bit to bit and then is extended to {0,1}^* via Ch(x1,....xn)=Ch(x1)....Ch(xn).
Two examples are the Clear Channel (Ch(b)=b) and the Binary Simmetric Channel with error probability p, BSCp. In his talk Stefano considered the setting where ChR=BSCp and ChA=BSCq, with p<q<=1/2, even the results of their paper are more general and can be used on a larger set of channel.
The rate R is defined as |M|/|C|, i.e. the ratio between the length of the message that is encrypted and the resulting ciphertext.
The goal of this scheme is to achieve privacy, correctness and rate of the scheme as high as possible.

There is a lot of work on this area,  and it has done  almost exclusively within the information  theory   and   coding   (I&C)  community and not within the cryptographic community. So if we look at this work in a cryptographic perspective, we find two major drawbacks:
1) improper privacy notions that are insufficient to provide security of applications and that only consider security for messages chosen uniformly at random
2) no polynomial -time schemes with optimal rate: the results are mostly non-constructive.

Then Stefano described how their paper bridges the gap between previous results on wiretap channel and modern cryptography. First they provide new security notions for defining privacy in the wiretap channel model: on one hand they adapt security notions that are used in the context of encryption, such as semantic security (SS) and distinguishing security (DS) to wiretap channel,  on the other hand they adapt existing notion from information theory, that they call mutual information security (MIS), to take into account arbitrary message distribution, and they prove that they are equivalent, connecting two different way of defining privacy. The second result is a concrete construction of first polynomial time scheme achieving these security notions with optimal rate.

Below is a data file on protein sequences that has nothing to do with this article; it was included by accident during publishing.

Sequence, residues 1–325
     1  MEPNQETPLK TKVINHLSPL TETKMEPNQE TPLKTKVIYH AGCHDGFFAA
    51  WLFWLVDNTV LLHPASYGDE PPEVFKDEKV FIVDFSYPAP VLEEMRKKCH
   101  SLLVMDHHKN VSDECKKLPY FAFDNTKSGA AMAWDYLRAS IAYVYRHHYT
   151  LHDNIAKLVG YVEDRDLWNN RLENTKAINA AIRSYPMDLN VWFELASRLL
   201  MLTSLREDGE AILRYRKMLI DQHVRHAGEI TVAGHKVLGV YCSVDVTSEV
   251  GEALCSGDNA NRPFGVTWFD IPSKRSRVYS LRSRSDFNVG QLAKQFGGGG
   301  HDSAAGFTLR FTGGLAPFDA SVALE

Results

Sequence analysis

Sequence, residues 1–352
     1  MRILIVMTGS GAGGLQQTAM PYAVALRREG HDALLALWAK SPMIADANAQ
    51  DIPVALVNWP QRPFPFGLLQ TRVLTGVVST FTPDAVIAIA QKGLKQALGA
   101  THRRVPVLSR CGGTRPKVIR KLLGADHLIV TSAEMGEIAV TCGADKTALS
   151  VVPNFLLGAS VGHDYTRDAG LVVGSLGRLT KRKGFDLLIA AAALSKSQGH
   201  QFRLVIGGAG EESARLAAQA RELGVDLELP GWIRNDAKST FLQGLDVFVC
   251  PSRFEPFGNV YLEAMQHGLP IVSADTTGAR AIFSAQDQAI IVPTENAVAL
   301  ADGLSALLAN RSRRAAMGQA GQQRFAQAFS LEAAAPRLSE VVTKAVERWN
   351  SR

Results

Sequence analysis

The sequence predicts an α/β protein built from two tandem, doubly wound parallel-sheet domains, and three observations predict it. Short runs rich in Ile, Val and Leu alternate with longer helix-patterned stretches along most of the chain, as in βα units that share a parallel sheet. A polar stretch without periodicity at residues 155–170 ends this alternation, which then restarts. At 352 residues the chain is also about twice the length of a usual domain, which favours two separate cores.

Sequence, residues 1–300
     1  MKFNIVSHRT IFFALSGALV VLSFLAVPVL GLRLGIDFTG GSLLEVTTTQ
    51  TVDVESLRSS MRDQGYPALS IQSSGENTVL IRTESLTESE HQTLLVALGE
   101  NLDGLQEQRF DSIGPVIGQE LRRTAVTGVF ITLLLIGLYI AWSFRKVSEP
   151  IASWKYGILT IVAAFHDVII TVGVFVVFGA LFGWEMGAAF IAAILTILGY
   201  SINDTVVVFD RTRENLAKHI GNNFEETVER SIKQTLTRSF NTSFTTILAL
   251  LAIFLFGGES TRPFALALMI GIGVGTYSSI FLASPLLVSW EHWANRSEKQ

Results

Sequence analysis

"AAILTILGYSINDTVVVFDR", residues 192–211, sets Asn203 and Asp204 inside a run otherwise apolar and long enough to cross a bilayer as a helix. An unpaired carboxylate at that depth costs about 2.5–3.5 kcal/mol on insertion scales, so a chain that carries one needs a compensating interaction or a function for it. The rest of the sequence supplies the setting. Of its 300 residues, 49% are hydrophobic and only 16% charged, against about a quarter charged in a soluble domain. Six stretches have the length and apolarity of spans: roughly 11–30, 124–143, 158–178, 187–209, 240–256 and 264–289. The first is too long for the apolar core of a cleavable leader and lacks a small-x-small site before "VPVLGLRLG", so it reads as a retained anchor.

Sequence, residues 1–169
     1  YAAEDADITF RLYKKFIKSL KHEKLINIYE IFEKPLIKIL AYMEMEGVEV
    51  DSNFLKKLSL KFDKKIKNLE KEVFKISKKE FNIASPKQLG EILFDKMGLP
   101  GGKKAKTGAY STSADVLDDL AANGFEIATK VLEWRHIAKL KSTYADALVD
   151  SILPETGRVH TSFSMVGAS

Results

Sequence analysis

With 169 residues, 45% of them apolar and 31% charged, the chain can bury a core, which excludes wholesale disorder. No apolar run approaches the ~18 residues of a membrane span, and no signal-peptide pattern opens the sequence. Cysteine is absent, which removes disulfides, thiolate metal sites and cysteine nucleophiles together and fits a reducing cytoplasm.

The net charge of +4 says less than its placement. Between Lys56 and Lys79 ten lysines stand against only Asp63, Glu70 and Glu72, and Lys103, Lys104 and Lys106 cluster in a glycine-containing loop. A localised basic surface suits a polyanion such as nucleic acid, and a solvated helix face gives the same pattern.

## Monday, August 20, 2012

### CRYPTO 2012 : Day One

The annual return of cryptographers to sunny Santa Barbara started today. The morning was dominated by an excellent invited talk by Jonathan Zittrain entitled "The End of Crypto".

The talk gave an interesting initial presentation of the history of computers and networks. In terms of computers before the advent of the PC there was essentially two models. Reprogrammable computers which were essentially mainframes and kept out of the hands of the public; and non-programmable computers which the public could use but had limited functionality (think of the old pong video consoles). With the advent of the Apple-2 people could produce their own softare, and one such piece of software (Visicalc) was so successful that (apparently) initially Apple had no clue why the Apple-2 devices were flying off the shelves. The key point being that the manufacturer could not predict the ways in which the computer was going to be used.  Essentially the PC revolution was successful because the public had access to a device which had the accessibility of non-programmable stuff with the flexibility of reprogrammable computers.